It is clear from the book that Matovina has something against Kathie Molland. He never passes up an opportunity to mention something negative about her (e.g., getting overdressed for George Harrison - geez, let's crucify her), he chose numerous photos of her which are unflattering, especially the most recent photos (and for some reason many of them show her with a beverage in her hand - what is Matovina going out of his way to insinuate?) and he ignored the fact that, ultimately, she was 100% justified in her frustration with the band's managerial situation. Imagine standing by helplessly while your spouse's career is being sabotaged by a crooked manager. Imagine voicing your concerns and having them dismissed by people who choose to live in denial.* Wouldn't you feel like kicking a car door? Wouldn't you try to call a meeting to address the siuation? I mean, who's the real villian of this story? It's obviously Stan Polley, but the way Matovina depicts Kathie Molland, you might not be so sure that she isn't more of a villian than Polley. Clearly, Joey has a right to take issue with the way his wife is portrayed. I'm not saying either of them is a saint, but come on! And, Bill, before you ask - no, I will not cite pages or type out quotations because 1) I don't have the book with me now, 2) I don't have the time and 3) I don't have to - we've all read the book and we all know what I'm talking about.

Also, does Ron's quote not indicate that he was given a check by Bill Collins?? Joey never recants his claim that this money exchanged hands - he only says he is not certain where the money came from and when it was paid. This is totally understandable because he was not personally involved in the transaction. Anything else about Ron's misunderstanding of the arrangement is not Joey's fault. Furthermore, are we to assume that Joey is telling the truth when he says he had to assume Ron's share of the band's debt upon joining? You did not attempt to refute that statement, Bill. Point is, this is supposed to be an example of Joey contradicting himself, but I don't see it.

*Re: denial. Pete chose to deny what everyone else knew about the band's managerial situation. Why? Not because he was a pie-in-the-sky dreamer who believed the world is a place where we should all be "allowed to love and trust everybody," but because he wanted to avoid conflict with Polley. My evidence? 1) The interview on the "Without You" cd in which Pete discusses the themes behind "Perfection" - clearly he knew that the world is an imperfect place where utopian ideals do not exist. He was not a fool. 2) The book says he was involved and interested in the business aspects of the band - he liked interacting with business-types and they respected him. Would they respect him if he was just a spacy hippie who rambled on about love and trust when it came to matters of business? I doubt it. 3) The book is clear about his desire to avoid conflict whenever possible. Could it be that his uncharacteristic blowout with Kathie Molland was triggered by his knowing that she was in the right? In short, Pete knew the score but wanted to avoid the conflict that would have resulted from addressing the problems.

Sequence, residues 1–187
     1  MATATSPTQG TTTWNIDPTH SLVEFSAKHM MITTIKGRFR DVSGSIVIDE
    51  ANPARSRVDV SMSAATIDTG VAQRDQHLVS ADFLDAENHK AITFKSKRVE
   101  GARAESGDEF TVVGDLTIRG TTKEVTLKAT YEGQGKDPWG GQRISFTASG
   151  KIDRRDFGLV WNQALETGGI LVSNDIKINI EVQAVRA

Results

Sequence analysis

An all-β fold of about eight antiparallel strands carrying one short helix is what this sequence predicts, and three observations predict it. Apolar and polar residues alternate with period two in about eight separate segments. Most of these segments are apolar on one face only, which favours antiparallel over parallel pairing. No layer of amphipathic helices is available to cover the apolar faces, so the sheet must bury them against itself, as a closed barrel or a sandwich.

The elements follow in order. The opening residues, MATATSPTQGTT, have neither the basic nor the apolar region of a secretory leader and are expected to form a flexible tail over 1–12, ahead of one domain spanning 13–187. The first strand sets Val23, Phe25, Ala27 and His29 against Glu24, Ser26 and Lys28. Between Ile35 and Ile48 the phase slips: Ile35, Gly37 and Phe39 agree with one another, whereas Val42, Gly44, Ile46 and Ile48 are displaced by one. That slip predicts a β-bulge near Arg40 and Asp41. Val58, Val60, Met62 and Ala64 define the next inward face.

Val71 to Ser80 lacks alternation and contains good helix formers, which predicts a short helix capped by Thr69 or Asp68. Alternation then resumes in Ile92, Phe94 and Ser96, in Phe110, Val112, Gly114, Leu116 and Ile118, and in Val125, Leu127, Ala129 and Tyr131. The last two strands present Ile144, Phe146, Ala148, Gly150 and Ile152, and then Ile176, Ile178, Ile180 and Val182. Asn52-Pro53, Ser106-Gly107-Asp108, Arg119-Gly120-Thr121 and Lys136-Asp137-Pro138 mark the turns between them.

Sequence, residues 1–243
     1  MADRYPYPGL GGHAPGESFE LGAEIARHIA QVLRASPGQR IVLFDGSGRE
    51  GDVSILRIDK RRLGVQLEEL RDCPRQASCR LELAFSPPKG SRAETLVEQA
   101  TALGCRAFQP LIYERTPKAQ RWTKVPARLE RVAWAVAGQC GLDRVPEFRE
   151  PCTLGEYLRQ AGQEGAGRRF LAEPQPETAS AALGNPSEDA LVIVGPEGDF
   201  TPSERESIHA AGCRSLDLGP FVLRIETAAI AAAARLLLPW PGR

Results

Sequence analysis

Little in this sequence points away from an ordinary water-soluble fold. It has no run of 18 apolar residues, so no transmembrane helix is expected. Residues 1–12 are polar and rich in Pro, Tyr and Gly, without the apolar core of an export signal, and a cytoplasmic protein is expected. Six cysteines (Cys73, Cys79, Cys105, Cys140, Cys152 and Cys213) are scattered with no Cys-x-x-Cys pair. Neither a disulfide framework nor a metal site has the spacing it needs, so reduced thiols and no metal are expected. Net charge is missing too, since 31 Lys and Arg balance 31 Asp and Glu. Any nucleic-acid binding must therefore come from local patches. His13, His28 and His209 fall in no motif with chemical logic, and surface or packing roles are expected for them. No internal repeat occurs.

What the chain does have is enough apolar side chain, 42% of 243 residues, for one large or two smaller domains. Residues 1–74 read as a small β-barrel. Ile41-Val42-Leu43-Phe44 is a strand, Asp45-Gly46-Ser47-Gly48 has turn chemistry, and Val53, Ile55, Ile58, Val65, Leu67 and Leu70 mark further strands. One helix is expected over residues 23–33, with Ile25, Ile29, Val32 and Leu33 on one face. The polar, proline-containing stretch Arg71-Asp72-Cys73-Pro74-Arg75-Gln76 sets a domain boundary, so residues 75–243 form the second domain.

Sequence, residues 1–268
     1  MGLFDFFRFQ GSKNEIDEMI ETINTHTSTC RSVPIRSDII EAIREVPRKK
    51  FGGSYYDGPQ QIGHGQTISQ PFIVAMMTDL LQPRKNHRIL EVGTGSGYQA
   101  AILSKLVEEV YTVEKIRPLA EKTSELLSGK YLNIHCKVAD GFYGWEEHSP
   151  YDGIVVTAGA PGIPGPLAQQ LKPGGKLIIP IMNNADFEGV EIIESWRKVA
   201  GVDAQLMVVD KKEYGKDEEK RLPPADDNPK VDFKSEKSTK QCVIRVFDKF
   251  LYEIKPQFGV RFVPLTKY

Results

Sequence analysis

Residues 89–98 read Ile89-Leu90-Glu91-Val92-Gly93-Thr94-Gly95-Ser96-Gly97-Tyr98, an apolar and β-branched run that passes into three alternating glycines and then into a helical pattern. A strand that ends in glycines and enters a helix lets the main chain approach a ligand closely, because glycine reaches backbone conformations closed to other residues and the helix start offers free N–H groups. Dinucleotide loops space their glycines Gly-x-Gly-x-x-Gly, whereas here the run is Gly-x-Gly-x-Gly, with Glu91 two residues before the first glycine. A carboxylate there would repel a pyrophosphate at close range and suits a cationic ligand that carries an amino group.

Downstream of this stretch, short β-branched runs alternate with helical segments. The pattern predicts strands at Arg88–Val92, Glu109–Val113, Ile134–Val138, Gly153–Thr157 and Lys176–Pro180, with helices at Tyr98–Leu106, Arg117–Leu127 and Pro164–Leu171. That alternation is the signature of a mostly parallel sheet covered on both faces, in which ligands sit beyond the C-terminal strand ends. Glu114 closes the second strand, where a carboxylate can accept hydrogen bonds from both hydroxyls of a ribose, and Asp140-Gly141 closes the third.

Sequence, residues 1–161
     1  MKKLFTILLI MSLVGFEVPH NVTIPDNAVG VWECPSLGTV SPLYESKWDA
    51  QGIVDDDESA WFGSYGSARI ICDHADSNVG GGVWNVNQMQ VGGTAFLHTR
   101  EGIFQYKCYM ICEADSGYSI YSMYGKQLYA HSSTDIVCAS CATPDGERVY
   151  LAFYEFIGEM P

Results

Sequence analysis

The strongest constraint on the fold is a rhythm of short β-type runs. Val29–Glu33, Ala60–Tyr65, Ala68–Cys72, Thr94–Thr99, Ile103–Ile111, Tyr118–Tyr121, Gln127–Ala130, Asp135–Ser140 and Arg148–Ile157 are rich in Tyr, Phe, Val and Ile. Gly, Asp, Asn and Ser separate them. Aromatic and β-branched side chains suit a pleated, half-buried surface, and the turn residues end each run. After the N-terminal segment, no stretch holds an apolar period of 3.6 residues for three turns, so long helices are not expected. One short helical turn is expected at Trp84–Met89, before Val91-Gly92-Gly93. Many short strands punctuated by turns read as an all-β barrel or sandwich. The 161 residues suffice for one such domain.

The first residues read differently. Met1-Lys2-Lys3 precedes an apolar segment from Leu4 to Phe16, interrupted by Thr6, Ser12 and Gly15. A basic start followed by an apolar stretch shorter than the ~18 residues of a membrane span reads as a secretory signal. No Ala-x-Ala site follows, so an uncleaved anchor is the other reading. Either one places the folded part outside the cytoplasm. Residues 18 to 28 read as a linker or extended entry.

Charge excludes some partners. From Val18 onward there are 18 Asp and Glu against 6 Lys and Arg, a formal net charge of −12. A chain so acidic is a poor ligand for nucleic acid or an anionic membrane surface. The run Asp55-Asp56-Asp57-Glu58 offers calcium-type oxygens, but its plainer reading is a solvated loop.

Lastly (and this is obviously a touchy subject), the book never criticizes Pete for two key decisions. First, he had the power to decide to take action against Polley and did not - the band needed his vote to make a move. In doing so, he ensured that the band would continue to get screwed in spite of the fact that by the end they all knew what was going on. Could this knowledge be the source of the "guilt" that caused him to put cigarettes out on his hands? Second, Pete (God rest his soul) committed the ultimate act of selfishness rather than confront the problem and in doing so drastically reduced the odds that the band would remain a viable commerical entity, which is what they would have needed to recover from their years of mismanagement.

Yes, it is uncomfortable to raise these issues, but the point is that Pete was a flawed man (like we all are - but these flaws manifested to the detriment of his friends) and this is not Joey Molland's fault. Everyone looks for a scapegoat to whom they can direct their frustration at the band's demise and Joey is the most visible and obvious target. But that doesn't necessarily make it right.

(This turned into more of a "rant" than I planned - usually I would take more care in constructing an argument. But the core ideas I meant to convey are there. Also, if I sound mean-spirited, it is not intentional. I just enjoy a good debate.)

PS - I am not a Joey follower, crony, minion or whatever other terms you can think of. I have no personal interest in this aside from the fact that I am a fan of the group.

ßill said...

Good presentation with your post, and you touch on a lot of subjects that I would like to respond to. However, your message here is attached to a fairly old article so it isn't very visible, and the comments section is rather restrictive for lengthy replies.

Would you have any objection to me moving your comments to the front page and I can respond to them there?

Anonymous said...

That would be fine. Looking forward to your response...